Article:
13) Conclusion

The conclusion to the book centers on how, time and time again, government intervention often has an effect opposite of that intended. Most good things in the United States and the world come from the free market, not the government, and they will continue to do so. The government, despite its good intentions, should stay out of areas where it does not need to be.

From the article “Excerpts from Milton Friedman, Capitalism and Freedom (Chicago: University of Chicago Press, 1962), Chapter 1,…” (here), come the following relevant quotes….

“Economic arrangements play a dual role in the promotion of a free society. On the one hand, freedom in economic arrangements is itself a component of freedom broadly understood, so economic freedom is an end in itself. In the second place, economic freedom is also an indispensable means toward the achievement of political freedom.”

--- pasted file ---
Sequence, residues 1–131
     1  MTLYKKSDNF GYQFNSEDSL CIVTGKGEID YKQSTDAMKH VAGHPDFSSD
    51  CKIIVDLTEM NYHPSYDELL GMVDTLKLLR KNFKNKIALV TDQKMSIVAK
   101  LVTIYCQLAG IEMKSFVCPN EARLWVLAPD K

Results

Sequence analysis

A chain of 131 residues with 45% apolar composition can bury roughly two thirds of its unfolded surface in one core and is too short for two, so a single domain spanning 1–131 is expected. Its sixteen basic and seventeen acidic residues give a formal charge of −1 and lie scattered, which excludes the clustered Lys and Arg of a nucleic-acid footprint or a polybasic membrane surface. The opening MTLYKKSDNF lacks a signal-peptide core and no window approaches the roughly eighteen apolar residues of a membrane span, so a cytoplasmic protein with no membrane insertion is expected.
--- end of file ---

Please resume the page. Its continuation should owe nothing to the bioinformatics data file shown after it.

“Viewed as a means to the end of political freedom, economic arrangements are important becuase of their effect on the concentration or dispersion of power. The kind of economic organization that provides economic freedom directly, namely, competitive capitalism, also promotes political freedom because it separates economic power from political power and in this way enables the one to offset the other.”

“Historical evidence speaks with a single voice on the relation between political freedom and a free market. I know of no example in time or place of a society that has been marked by a large measure of political freedom, and that has not also used something comparable to a free market to organize the bulk of economic activity.”

Web references:

1) Wikipedia article: “Capitalism and Freedom”   http://en.wikipedia.org/wiki/Capitalism_and_Freedom

2) Library of Economics and Liberty Article:  “Milton Friedman (1912-2006)”  http://www.econlib.org/library/Enc/bios/Friedman.html

3) Excerpts from Milton Friedman, Capitalism and Freedom (Chicago: University of Chicago Press, 1962), Chapter 1, “The Relation Between Economic Freedom and Political Freedom,” pp. 7-17.   https://www.mtholyoke.edu/acad/intrel/ipe/friedman.htm